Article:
There have been serious data breaches in healthcare over the last several years, and hackers keep finding new ways to compromise data. How does the healthcare industry as a whole protect itself, especially as it rapidly adopts new technologies: What can provider organizations do? What should companies that provide interfacing technologies do? Furthermore, what can patients do to play a part in protecting their data?
First off, in my experience, provider organizations are already doing a good job of wrapping their heads around the idea that new technology and innovation coming from small teams like Conversa requires some acceptance. Specifically, smaller, newer companies can move fast because they are typically unburdened with the cumbersome processes and bureaucracy that naturally develop as large businesses become enterprise companies. If I asked anything of provider organizations moving forward, it would be to form an approved, internal plan for how to map their nimble technology partners into their heavyweight systems.
For technology partners, accept that enterprise systems view your technology with extreme skepticism, and therefore you have an opportunity and a responsibility to lead with security. Ensure that you are building within your team culture a sense of ownership around security—relegating security to a single team or owner will guarantee that gaps exist between the silos.
Finally, patients can protect themselves with similar approaches that companies use internally: Have high expectations of the health systems that serve you, but don’t give them all the responsibility; Use strong passwords and use a password manager; Keep virus and malware scanners active and up to date: Be wary of emails requesting information, which no company that cares about your information would send you.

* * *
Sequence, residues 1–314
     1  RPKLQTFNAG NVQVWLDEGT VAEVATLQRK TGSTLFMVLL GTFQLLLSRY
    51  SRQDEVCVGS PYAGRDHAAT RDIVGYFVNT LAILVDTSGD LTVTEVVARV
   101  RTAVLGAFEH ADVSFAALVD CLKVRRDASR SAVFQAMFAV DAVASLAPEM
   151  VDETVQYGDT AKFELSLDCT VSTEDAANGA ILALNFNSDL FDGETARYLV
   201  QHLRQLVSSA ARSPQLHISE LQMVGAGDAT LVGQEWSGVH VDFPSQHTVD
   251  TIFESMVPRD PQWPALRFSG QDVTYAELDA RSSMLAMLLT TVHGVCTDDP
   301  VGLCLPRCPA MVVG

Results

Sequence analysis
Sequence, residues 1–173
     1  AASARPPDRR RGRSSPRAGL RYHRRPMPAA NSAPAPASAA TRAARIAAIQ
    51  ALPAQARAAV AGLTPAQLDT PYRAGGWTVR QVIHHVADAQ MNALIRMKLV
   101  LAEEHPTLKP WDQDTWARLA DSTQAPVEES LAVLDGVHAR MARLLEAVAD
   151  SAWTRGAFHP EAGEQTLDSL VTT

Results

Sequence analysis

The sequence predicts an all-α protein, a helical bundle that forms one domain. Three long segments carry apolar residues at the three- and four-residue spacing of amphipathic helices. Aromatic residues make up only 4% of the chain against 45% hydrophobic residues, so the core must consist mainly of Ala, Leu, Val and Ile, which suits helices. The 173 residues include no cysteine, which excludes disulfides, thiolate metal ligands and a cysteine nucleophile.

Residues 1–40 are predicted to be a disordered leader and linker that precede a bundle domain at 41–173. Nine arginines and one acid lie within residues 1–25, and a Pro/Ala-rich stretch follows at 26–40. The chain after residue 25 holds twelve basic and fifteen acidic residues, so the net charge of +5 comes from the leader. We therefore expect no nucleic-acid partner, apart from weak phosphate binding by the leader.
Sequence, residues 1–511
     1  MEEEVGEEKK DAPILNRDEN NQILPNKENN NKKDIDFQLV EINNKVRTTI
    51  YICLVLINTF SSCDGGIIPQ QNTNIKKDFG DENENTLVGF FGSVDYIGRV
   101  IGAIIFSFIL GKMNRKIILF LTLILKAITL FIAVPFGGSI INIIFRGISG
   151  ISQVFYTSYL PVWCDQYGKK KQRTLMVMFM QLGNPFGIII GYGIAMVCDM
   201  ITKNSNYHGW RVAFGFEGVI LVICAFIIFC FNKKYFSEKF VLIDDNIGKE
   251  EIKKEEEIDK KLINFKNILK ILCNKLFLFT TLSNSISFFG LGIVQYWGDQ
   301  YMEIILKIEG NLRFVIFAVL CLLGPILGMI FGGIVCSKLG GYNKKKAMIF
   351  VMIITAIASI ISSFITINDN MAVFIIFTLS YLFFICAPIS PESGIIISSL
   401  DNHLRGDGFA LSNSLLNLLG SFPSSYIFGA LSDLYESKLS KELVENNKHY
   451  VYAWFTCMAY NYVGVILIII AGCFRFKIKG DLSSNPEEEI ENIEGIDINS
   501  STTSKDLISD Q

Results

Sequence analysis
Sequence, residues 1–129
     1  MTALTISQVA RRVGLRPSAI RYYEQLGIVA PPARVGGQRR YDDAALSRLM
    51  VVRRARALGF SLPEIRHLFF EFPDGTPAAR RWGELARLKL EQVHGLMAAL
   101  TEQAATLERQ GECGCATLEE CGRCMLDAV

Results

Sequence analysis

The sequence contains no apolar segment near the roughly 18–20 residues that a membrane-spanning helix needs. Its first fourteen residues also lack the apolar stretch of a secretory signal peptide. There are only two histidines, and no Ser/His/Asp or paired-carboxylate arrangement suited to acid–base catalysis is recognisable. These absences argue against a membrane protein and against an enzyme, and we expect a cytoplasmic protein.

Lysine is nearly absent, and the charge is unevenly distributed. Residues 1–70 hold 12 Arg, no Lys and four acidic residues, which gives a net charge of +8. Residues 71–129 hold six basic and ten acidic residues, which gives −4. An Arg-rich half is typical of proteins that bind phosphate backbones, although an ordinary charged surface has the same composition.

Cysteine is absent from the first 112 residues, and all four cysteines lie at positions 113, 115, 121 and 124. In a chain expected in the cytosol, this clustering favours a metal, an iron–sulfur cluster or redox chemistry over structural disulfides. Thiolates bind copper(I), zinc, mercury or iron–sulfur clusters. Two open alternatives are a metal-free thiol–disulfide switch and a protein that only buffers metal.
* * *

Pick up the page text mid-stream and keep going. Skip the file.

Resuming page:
Given the challenges in the industry, where do you see the issue of security in healthcare over the next five years? What do you think needs to be put in place to ensure that data security is less susceptible to breaches or ransomware attacks? Does it need to go beyond creating HIPAA compliant solutions?
With the current models for compliance verification and certification, it costs prohibitive for smaller companies to engage with auditors. Working with small companies as well as auditing companies and large systems, let’s find a way to create an incremental certification that scales with companies, and sets milestones along the growth curve.
How data is stored and subsequently used in both de-identified and aggregate forms needs scrutiny. The rise of data-driven, algorithm-based software platforms that make decisions for us (and about us!) requires deep thinking about the impact of those platforms beyond innovation for its own sake.
What’s the essential message here for our readers when it comes to the subject of data security in healthcare?
Small companies and startups have the potential to move healthcare forward faster than ever before, and they can do so in a manner that has the potential to be more secure than their larger counterparts. Continuous deployment and monitoring minimize change while requiring engineering and operations to work hand in hand, eliminating the silos that create risk, not to mention eliminating the cultural barriers between development and ops that can create “us vs. them” mentalities in the workplace.
Scott Anderson is the CTO of Conversa Health, an intelligent Patient Relationship Management (PRM) platform that allows doctors to deliver continuous, personalized care. Prior to this role, he was the director of engineering at WalmartLabs.